Business people know the basics of sexual harassment in the workplace:
- Don’t demand sex from your employees.
- Don’t display pornographic materials in the building.
- Don’t fondle your workers.
- Don’t base employment decisions on sex – or sexual orientation.
But a lot more is involved. Did you know:
- Clueless doesn’t cut it. The employer is liable if he knew – or should have known – sexual harassment was going on at his shop and failed to take appropriate corrective action. “Should have known” covers a lot of ground.
- A company is also responsible for the sexual harassment by its vendors and customers.
- The victim does not have to be personally harassed, but could be anyone affected by the offensive conduct.
- Anyone can be sexually harassed by anyone else; women can sexually harass men or even other women just as easily as men can harass women.
- The cost of sexual harassment – beyond the damages awarded in successful lawsuits – includes absenteeism, lower productivity, increased health-care costs, poor morale, employee turnover, and loss of reputation, customers and revenue.
Sex in the workplace
Sexual harassment is about discrimination, not about sex, and is therefore covered by Title VII of the Civil Rights Act of 1964.
In the last 50 years, Congress and the courts have amended Title VII to permit victims of sexual harassment to recover damages (including punitive) as well as making “injury” easier to prove, although injury is not necessary to prove sexual harassment.
Sexual harassment falls into two distinct categories – tangible job benefit and hostile work environment.
The quid pro quo of demanding that an employee provide sex for employment considerations is fairly easy to recognize. In these cases, the U.S. Equal Employment Opportunity Commission (EEOC) states, “an employer will be held strictly liable” – not only for the actions of his employees, but third-party suppliers as well.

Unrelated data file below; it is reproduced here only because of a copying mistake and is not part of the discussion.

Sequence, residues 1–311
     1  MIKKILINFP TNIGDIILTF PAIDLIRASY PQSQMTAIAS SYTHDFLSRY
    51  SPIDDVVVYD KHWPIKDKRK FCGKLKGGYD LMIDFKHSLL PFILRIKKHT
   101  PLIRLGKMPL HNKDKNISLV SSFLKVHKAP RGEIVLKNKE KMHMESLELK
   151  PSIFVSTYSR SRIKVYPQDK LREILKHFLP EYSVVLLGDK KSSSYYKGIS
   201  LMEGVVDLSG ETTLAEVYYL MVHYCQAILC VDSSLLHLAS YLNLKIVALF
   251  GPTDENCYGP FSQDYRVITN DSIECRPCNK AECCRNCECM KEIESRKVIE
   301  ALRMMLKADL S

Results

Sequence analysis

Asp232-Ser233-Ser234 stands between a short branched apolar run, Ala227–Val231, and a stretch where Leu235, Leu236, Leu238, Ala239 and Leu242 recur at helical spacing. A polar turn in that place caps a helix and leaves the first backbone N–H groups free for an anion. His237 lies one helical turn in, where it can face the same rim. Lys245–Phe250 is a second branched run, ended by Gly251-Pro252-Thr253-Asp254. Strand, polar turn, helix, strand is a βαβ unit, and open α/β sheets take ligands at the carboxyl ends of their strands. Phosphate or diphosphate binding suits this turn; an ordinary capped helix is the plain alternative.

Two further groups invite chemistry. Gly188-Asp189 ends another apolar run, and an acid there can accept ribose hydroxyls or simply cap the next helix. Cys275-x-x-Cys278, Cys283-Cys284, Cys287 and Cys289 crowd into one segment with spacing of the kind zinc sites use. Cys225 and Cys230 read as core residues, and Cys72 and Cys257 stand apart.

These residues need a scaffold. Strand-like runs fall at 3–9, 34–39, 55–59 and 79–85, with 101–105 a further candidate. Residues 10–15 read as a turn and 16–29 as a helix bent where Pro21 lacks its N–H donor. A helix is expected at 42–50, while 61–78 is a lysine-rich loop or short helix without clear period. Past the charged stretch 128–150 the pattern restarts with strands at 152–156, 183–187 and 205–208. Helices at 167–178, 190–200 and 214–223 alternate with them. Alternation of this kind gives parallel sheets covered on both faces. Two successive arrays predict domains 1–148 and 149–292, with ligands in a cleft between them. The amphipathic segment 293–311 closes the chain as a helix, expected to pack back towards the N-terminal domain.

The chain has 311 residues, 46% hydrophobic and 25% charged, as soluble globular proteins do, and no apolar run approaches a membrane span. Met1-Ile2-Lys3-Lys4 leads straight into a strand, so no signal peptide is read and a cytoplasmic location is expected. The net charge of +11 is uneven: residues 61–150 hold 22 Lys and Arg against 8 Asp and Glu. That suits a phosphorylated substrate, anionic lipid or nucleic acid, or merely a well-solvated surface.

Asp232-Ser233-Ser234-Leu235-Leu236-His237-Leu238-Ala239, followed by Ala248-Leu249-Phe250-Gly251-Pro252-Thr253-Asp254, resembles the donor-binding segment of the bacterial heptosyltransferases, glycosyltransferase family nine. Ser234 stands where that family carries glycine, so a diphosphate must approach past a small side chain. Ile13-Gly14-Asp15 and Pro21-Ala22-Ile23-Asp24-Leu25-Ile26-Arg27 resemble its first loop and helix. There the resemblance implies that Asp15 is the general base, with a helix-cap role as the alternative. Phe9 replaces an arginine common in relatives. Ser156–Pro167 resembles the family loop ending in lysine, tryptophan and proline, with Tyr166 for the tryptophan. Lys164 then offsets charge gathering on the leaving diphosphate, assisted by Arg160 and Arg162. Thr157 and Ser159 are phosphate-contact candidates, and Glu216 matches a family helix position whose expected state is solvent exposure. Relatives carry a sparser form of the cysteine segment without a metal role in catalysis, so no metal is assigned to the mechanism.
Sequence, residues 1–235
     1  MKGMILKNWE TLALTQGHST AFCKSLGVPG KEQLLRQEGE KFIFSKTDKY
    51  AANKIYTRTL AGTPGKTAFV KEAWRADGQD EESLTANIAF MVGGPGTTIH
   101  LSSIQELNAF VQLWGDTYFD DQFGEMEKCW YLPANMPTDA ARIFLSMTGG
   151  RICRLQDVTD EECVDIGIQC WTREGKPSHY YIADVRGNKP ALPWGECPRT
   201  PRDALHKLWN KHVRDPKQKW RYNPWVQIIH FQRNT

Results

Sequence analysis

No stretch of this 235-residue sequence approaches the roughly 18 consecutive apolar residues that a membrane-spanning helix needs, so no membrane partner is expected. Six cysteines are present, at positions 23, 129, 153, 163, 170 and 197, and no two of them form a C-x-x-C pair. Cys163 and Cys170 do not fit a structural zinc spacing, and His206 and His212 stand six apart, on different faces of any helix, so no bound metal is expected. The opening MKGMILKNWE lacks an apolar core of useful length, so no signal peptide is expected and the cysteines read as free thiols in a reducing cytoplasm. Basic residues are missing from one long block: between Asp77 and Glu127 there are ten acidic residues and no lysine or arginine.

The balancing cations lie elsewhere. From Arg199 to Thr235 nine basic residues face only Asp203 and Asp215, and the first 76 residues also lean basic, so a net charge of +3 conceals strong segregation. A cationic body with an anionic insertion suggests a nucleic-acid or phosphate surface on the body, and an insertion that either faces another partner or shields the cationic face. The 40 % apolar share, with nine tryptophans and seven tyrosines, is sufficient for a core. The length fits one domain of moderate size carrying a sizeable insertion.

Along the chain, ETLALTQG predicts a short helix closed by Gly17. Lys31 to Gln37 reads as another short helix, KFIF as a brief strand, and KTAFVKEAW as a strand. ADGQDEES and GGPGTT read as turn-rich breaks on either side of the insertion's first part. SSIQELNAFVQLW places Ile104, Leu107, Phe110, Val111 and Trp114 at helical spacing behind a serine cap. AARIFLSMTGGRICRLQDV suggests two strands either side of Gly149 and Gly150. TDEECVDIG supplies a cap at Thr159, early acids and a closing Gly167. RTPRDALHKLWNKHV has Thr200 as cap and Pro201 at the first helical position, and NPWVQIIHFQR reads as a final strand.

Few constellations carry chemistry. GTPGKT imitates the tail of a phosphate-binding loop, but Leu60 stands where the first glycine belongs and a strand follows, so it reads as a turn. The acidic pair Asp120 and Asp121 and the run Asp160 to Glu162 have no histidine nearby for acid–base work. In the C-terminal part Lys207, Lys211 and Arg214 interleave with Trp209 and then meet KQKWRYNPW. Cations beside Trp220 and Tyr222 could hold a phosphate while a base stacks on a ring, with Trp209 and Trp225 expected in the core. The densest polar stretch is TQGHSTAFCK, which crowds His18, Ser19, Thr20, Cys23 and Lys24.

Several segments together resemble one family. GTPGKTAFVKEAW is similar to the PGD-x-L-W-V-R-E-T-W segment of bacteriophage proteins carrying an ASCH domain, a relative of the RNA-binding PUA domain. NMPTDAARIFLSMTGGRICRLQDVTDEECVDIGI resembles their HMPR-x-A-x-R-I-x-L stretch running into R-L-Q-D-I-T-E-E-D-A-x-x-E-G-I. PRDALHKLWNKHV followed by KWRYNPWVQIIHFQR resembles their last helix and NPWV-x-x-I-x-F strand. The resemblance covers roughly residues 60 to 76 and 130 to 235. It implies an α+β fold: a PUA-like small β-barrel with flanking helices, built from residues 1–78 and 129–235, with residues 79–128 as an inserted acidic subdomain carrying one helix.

The “hostile work environment” may not be quite so apparent.
A hostile work environment occurs when a co-worker or supervisor, “engaging in unwelcome and inappropriate sexually based behavior, renders the workplace atmosphere intimidating, hostile, or offensive,” according to the EEOC.
Does this mean you can’t compliment a co-worker on his attire?
Well, it depends. “That’s a nice outfit” is way different from “I really like the way you fill out your trousers.”
Courts use a “reasonable person” standard when it comes to determine what is offensive, and most reasonable people would be offended by such a remark in the workplace.
Does it mean you can’t tease people?
Teasing is OK – as are offhand comments, jokes and isolated incidents – as long as they are not “extremely serious.” What the heck is “extremely serious”? I’m pretty sure it’s one of those “I’ll know it when I hear it” kinds of things. If you’re like me and love a good joke, be judicious about what you say and who you tell.
Does it mean you can’t carry on an office romance? Some estimate that as many as 30% of marriages originate in the workplace. You practically spend your life there, so that’s not much of a surprise.
But make no mistake: A boss who sleeps with an employee is looking for trouble, pure and simple. Any job action – raises, discipline, promotions, transfers, etc. – taken by the boss can be construed as sexual harassment, either by the employee/lover or other employees.
Even consensual sexual relationships between co-workers can have destructive potential. And the employer is responsible for all of it, even if he was ignorant as to what was going on. I’m OK with that: If, as a supervisor, you don’t have the open communication and trust levels necessary to learn about sexual harassment, you’re not worthy of the title.
Underlying all of it is whether the attention – whether it is sexual propositions or off-color jokes – is unwelcome and unwanted. Training or business coaching can help in these situations.
Where does your company stand? Ask yourself:
- How can I prevent sexual harassment at work?
- What are my company’s policies and procedures on sexual harassment?
- How do I enforce the policy?
- What issues are covered?
- What kind of training do I have regarding sexual harassment?
If you have no policy in place, do it now. Don’t get caught with your pants down.
Do you know anyone who has been sexually harassed on the job? If so, what was the outcome? Please share in the comments.